The dreaded part of every site reliability engineer’s (SRE) job eventually: capacity planning. You know, the dance between all the stakeholders when deploying your applications. Did engineering really simulate the right load and do we understand how the application scales? Did product managers accurately estimate the amount of usage? Did we make architectural decisions that will keep us from meeting our SLA goals? And then the question that everyone will have to answer eventually: how much is this going to cost? This forces SREs to assume the roles of engineer, accountant, and fortune teller.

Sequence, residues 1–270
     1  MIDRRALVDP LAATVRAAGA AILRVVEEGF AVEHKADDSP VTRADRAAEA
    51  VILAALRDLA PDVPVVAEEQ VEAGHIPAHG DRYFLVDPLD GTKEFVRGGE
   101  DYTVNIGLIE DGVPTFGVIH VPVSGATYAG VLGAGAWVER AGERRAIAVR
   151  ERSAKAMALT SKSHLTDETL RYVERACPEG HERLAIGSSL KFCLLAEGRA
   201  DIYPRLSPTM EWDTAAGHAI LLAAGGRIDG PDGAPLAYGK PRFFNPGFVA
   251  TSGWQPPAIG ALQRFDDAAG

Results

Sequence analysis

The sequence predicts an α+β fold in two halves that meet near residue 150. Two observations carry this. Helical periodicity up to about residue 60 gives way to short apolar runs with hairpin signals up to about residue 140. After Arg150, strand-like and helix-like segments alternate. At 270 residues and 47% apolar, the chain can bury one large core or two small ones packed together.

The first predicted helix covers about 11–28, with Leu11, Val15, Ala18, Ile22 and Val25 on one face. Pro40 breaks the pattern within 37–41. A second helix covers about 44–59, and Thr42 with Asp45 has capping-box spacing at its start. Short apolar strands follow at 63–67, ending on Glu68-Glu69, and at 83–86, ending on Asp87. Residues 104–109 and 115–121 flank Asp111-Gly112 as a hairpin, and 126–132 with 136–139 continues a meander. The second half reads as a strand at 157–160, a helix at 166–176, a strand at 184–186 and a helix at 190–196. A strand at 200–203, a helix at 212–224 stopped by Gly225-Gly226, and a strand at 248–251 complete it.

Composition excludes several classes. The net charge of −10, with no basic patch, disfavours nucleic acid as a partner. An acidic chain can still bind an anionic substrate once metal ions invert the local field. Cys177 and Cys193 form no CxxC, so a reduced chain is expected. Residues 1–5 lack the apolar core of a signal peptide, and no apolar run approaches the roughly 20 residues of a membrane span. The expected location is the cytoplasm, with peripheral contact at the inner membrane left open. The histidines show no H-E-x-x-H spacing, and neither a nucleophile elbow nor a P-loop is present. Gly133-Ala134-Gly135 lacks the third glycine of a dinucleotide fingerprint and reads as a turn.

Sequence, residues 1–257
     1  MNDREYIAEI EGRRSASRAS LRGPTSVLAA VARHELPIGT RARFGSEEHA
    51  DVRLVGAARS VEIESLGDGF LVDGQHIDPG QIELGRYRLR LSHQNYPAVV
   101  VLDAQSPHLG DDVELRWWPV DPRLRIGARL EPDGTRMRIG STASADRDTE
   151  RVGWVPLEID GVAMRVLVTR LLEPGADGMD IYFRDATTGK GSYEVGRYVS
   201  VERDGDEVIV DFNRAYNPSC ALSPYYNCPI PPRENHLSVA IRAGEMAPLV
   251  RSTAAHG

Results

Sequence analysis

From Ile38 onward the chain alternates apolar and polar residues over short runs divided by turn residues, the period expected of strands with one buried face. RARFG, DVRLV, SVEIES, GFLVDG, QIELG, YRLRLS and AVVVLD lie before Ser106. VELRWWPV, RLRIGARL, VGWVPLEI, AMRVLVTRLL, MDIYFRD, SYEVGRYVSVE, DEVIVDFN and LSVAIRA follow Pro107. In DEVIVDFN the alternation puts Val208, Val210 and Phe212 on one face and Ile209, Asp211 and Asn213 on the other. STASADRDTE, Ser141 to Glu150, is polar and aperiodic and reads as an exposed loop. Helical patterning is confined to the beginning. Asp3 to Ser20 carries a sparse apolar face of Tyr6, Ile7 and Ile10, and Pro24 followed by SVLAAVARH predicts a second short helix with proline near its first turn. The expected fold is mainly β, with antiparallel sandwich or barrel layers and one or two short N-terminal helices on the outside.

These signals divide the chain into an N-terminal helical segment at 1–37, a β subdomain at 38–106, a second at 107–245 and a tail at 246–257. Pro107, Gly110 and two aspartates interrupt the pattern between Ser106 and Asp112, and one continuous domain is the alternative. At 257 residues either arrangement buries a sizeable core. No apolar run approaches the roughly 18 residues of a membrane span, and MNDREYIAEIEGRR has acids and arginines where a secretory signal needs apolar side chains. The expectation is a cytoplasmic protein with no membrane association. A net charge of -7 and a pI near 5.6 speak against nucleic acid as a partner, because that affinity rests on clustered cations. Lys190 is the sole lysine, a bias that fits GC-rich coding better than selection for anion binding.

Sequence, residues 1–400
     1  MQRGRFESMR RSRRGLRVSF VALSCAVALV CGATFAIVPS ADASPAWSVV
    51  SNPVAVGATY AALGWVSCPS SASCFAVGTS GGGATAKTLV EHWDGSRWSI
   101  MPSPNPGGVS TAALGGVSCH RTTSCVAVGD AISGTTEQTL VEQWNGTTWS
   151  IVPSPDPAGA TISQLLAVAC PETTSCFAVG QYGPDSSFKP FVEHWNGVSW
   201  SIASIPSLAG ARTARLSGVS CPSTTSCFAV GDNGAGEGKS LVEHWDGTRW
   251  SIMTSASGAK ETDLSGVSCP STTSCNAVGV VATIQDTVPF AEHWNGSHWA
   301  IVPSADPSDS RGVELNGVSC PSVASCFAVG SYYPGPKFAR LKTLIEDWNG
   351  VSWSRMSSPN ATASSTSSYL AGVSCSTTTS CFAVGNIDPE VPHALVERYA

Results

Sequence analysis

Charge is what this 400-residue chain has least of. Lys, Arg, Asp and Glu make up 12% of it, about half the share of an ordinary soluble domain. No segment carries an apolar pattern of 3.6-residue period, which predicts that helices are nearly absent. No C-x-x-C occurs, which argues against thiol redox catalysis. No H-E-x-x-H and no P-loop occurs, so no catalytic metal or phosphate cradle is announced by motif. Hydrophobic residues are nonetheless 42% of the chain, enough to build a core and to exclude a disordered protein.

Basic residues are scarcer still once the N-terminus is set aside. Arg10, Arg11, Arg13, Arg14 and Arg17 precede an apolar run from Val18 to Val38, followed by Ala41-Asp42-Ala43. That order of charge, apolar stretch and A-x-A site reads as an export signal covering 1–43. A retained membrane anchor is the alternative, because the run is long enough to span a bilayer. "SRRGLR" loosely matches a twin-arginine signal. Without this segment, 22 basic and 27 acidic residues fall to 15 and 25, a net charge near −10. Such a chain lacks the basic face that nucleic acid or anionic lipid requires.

The large cloud providers understood this a long time ago and so the term “cloud economics” was coined. Essentially this means: rent everything and only pay for what you need. I would say this message worked because we all love some cloud. It’s not a fad either. SREs can eliminate a lot of the downside when the initial infrastructure capacity discussion was maybe a little off. Being wrong is no longer devastating. Just add more of what you need and in the best cases, the services scale themselves — giving everyone a nice night’s sleep. All this without provisioning a server, which gave rise to the term “serverless.”